5. Time-bound: The goal should have a deadline. For example, "I will learn to write my name in cursive by the end of the month" is time-bound.

It's important to keep in mind that young learners might have difficulty setting goals for themselves. In that case, you can help them by breaking down bigger goals into smaller, more manageable chunks and by setting short-term goals or milestones that will help them reach the bigger goal.

It's also important to involve the child in the process of setting the goals; this way, they will feel more motivated and will take ownership of their learning.

Provide Feedback

There's no question about it. Brain studies indicate that we respond to social approval in much the same way that we respond to monetary rewards (3). This means - praise feels good. And certain types of praise can lead to helpful outcomes when it comes to helping children develop persistence (4, 5). More specifically, giving children positive feedback when they put in the effort, even if they don't immediately succeed, can help them keep working on challenging tasks. This will help them understand that effort is more important than the outcome. If you remember the concept "the power of yet" described earlier, you know that just because a person has not accomplished a task yet, does not mean that they cannot or should not try, and certainly that they should not give up. When we praise children for persistence, strategy, and effort, we are helping them understand the power of yet.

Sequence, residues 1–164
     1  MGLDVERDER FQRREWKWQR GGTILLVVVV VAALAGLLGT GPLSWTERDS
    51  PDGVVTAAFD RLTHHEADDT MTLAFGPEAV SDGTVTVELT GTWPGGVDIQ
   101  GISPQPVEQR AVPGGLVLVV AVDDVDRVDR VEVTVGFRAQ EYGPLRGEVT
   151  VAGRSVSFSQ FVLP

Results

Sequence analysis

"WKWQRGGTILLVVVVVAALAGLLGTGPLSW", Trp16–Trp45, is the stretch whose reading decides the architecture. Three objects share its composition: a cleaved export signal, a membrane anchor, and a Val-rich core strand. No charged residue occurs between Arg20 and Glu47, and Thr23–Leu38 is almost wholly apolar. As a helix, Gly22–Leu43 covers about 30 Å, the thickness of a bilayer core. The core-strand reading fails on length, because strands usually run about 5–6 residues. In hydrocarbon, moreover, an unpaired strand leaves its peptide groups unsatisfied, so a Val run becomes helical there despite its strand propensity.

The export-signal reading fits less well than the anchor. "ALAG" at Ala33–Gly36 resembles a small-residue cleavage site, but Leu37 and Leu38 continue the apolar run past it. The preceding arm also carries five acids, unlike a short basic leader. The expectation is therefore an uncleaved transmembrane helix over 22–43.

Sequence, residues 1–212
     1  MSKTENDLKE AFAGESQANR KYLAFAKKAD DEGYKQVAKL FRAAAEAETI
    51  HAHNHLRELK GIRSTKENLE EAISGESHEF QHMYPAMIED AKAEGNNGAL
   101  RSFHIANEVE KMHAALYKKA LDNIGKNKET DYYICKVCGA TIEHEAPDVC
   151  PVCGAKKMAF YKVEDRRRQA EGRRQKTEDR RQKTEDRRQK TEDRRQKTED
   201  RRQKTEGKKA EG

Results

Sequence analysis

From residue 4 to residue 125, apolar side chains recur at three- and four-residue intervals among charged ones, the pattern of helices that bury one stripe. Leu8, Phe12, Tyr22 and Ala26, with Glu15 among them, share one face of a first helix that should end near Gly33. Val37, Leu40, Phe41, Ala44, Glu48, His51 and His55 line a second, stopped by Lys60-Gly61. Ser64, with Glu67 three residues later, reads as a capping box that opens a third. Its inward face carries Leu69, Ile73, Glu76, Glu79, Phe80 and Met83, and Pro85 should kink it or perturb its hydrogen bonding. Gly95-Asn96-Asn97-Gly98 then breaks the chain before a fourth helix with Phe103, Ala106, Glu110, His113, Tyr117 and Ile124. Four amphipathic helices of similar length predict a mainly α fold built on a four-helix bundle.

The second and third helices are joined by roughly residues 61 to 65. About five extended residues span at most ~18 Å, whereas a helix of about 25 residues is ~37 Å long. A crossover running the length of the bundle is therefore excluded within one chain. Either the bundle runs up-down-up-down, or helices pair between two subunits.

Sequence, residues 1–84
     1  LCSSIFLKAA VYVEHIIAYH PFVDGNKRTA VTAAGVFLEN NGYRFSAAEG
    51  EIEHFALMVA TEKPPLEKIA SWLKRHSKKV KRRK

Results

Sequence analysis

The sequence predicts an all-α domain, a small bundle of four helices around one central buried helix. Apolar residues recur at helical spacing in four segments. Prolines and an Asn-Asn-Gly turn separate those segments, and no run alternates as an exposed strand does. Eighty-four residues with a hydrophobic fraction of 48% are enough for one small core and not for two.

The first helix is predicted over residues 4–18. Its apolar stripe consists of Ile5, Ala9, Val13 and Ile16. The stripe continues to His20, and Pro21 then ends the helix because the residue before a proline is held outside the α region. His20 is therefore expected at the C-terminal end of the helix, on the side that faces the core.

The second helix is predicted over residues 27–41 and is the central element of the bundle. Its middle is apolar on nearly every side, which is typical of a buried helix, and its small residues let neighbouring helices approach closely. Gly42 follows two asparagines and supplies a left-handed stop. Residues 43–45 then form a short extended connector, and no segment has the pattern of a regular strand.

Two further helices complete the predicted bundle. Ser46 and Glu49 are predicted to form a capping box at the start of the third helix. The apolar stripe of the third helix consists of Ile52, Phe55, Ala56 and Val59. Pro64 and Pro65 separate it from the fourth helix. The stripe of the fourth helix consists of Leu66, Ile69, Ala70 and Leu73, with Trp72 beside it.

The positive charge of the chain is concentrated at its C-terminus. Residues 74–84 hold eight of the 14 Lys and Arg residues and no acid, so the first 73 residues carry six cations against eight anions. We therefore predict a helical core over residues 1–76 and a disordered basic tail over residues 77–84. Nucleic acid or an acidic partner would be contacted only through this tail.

Imagine a child getting an A on a math test. Compare these types of praise:

"Wow! You are such a clever girl/boy!"

"You are really good at maths!"

"You got the best grade! Well done!"


"Wow! Those hours spent practising have really paid off!"

"I like how you tried to solve this task instead of just giving up."

"I can tell you've been practising!"

Offer Opportunities for Self-Reflection

Encourage children to think about their own learning process and how they can improve.

Providing opportunities for self-reflection helps children develop metacognitive skills, which will help them to become more independent learners and to take more control over their own learning.

Here are two examples of providing opportunities for self-reflection for young learners:

1. Journaling: Encourage children to write about their learning experiences in a journal. Ask them to reflect on what they learned, what challenges they faced, and what they can do differently next time.

2. Self-talk: Encourage children to reflect on their own thinking by using self-talk. This can be done by helping them to identify their own thoughts, feelings and emotions and how these might influence their learning. Show them how to do it using the think-aloud method (5). Simply said, thinking aloud is the concurrent verbalisation of thoughts while performing a task.